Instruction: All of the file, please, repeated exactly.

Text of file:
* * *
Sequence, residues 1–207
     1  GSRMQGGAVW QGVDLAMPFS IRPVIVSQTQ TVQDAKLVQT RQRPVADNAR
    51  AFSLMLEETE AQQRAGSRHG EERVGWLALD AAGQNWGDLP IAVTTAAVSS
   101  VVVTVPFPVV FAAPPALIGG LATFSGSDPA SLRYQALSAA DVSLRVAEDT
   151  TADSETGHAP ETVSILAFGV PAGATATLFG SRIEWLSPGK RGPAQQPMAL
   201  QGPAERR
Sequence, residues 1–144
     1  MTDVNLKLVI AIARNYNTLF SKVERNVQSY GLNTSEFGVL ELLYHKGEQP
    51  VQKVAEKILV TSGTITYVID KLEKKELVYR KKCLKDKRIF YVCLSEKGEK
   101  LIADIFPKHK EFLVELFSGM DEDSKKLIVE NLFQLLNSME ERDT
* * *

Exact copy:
Sequence, residues 1–207
     1  GSRMQGGAVW QGVDLAMPFS IRPVIVSQTQ TVQDAKLVQT RQRPVADNAR
    51  AFSLMLEETE AQQRAGSRHG EERVGWLALD AAGQNWGDLP IAVTTAAVSS
   101  VVVTVPFPVV FAAPPALIGG LATFSGSDPA SLRYQALSAA DVSLRVAEDT
   151  TADSETGHAP ETVSILAFGV PAGATATLFG SRIEWLSPGK RGPAQQPMAL
   201  QGPAERR
Sequence, residues 1–144
     1  MTDVNLKLVI AIARNYNTLF SKVERNVQSY GLNTSEFGVL ELLYHKGEQP
    51  VQKVAEKILV TSGTITYVID KLEKKELVYR KKCLKDKRIF YVCLSEKGEK
   101  LIADIFPKHK EFLVELFSGM DEDSKKLIVE NLFQLLNSME ERDT